No Remorse in Priest's Deposition

By Hugh Aynesworth
Washington Times
May 14, 1991

New Orleans - The Rev. Dino Cinel, the priest whose actions had this city in turmoil even before there was any publicity, seemed a self-assured, even arrogant man as he sat calmly and bantered with lawyers for some four hours in a deposition last August.

He often exhibited considerably less strain than some of the questioners, but the exchanges were sometimes testy and bitter. At times the plaintiff's attorneys seemed amazed at his logic.

Father Cinel showed many sides of himself, but one thing he apparently couldn't manage was remorse.

He said that in the early 1980s he and his companion Christopher V. Fontaine, then a teen-ager, smoked marijuana before having sexual relations. But the scene wasn't quite right for him, he said.

"I was very much against the idea," Father Cinel said, "not of the drugs, but him spending money on drugs."

Question: "You are not against drugs, you're against spending money; is that right?"

Father Cinel: "No, that's not what I said. In the case of Chris Fontaine, with all the needs that he has to take care of [in] his own life, I found [it] very unbecoming that he would invest whatever money he made, and especially whatever money I made available to him for other purposes, in buying drugs."

Question: "When you say, 'with all the needs that he had,' what sort of needs?"

Father Cinel: "Well, he was a young man. He should have been thinking about going to school, getting a job, getting an education, getting his life together, and instead, everything was, everything."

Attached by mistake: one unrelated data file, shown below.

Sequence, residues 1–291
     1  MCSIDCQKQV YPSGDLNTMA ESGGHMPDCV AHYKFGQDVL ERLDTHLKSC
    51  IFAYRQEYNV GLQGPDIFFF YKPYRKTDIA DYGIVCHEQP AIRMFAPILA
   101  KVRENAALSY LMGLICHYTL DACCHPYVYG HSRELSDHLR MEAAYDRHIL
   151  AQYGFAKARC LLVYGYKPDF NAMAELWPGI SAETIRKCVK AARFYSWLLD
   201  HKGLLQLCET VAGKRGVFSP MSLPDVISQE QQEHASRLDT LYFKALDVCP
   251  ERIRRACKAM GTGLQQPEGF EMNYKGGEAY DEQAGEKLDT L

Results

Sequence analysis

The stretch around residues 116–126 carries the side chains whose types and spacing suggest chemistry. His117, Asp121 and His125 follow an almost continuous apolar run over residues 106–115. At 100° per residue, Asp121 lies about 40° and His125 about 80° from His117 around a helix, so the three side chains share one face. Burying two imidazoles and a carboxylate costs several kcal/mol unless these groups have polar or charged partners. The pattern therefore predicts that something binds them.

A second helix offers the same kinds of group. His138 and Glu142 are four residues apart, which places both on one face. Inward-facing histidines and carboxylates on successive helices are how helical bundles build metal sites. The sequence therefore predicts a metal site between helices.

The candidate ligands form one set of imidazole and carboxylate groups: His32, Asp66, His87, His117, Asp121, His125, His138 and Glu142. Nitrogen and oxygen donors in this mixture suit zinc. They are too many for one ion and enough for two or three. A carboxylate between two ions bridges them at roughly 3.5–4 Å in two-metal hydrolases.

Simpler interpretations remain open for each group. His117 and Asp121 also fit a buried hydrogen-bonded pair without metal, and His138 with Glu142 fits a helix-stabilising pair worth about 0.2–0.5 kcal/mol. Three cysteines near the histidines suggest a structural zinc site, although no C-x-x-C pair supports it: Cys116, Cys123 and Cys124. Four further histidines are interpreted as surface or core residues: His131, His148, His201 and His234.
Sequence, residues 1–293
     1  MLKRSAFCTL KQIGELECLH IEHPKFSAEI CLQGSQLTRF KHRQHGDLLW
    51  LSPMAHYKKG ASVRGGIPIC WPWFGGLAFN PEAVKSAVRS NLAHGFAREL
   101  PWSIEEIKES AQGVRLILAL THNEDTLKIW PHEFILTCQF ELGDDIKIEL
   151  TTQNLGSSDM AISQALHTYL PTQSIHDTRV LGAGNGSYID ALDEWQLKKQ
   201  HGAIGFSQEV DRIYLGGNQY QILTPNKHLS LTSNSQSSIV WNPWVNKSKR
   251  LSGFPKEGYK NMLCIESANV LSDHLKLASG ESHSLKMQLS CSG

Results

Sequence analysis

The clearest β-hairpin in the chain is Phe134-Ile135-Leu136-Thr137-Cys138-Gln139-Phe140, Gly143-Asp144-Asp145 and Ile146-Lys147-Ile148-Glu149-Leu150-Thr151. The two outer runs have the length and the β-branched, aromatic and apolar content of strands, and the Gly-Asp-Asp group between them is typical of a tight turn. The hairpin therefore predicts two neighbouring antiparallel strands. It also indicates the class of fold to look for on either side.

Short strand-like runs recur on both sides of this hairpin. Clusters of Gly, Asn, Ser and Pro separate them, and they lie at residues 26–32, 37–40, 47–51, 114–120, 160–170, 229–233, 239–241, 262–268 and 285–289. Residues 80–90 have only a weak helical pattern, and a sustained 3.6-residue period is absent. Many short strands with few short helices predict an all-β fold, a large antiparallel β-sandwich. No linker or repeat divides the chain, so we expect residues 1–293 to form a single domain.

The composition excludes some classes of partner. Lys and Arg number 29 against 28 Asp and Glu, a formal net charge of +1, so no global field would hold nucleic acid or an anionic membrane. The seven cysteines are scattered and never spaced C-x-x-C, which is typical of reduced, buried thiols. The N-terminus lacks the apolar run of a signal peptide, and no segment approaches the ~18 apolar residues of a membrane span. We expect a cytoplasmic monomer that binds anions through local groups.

Question: "Were you trying to help him get his life together as a priest having anal sex with him and oral sex with him?"

Father Cinel: "No. That's a nonsensical insinuation that you are making."

Question: "No. It's a question. Were you trying to help him get his life together by having sex with him?"

Father Cinel: "Probably, considering the promiscuity in which he was living, I was the best person he could have sex with."

Question: "You believe that?"

Father Cinel: "Yes."

The priest told how he was first lured into a homosexual relationship when he was 13 or 14:

"It was only three or four encounters when I was at that age, with an older priest, an eminent priest, who was a friend of the pope."

Asked why he submitted, Father Cinel replied:

"It occurred. He was my superior. It's simply something that happens."

Later he elaborated:

"Well, he was my superior. From that point of view, he had access to me."

He said the older priest was head of "a boarding school of about 300 boys." He was there from age 11 to 16, he said, identifying the school as Instito Scalabrini in Rome.

As soon as he arrived in New Orleans in 1979, Father Cinel said, he called the District Attorney's Office to find out about the legal age of consent in Louisiana.

Question: "So you were contemplating getting involved in sexual activity with young males in New Orleans, correct?"

Father Cinel: "That's correct."

Question: "That's why you called, to find out how old did a young man have to be before it was criminal activity?"

Father Cinel: "That's correct."

Question: "And had you inquired of this in other places?"

Father Cinel: "Yes."

Asked if he had any particular boy in mind at the time, he replied:

"I had been down there [the French Quarter] and I had seen that some of them looked young and I wanted to know what the situation was here. I was new to the city. I knew San Francisco better."


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